BUDAPEST, MARGARET ISLAND, DEER PARK 2002
Exploring the site, we had to realize that the spaces should be defined primarily by the scale and relationship of the existing trees, and not the intended buildings.
To create harmony with the environment - and for practical reasons as well - the buildings imitate wood-piles: the outer casing of the layered-mounted wall structures is made of log slices, allowing sufficient airflow to meet ventilation requirements. The entrance building is tilted slightly outwards, signifying its own importance with this uncommon gesture. The ensemble is characterized by its ambiance and its structural-functional nature: architecture - in the traditional sense - dissolves and disappears. It is no way a random composition: the accurate wood-piles are a result of a rather precise and thoughtful attitude of a practical mind. The sense of appropriateness emanating from the small wooden buildings is reinforced by the precise and fine detail solutions of the wooden structure.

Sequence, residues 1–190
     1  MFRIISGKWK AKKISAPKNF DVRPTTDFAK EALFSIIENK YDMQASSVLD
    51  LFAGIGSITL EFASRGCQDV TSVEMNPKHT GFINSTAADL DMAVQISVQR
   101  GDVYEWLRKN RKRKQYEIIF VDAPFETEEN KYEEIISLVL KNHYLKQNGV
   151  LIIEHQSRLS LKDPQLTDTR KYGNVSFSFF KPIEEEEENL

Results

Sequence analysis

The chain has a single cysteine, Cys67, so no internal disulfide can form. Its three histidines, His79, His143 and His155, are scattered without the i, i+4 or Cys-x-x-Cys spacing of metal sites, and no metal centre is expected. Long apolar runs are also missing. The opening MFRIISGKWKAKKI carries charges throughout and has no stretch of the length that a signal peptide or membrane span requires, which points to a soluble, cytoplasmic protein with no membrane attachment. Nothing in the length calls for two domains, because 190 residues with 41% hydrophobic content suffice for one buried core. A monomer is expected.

Péter Kis, Gábor Kruppa, Péter Nyitrai
Margaret Island (Margitsziget), known as “Rabbits’ Island” until the 14th century, used to be a game park and a hunting ground for nobility from the early Middle Ages. The animal park of the island - inhabited by small game, Hungarian forest and domestic animals, and some exotic bird species - has been existing since the 1950s. By the 1990s, the condition of the area was so degraded that a complete renewal was necessary. As part of this process, our studio prepared the plans for new buildings to provide shelter for the animals of the Park. The project was finally realized in 2002, when the capital entrusted the operation of the Park to the Budapest Zoological and Botanical Garden. In 2002, the complex was nominated for Piranesi Award.
We prepared a model and a plan for the new buildings.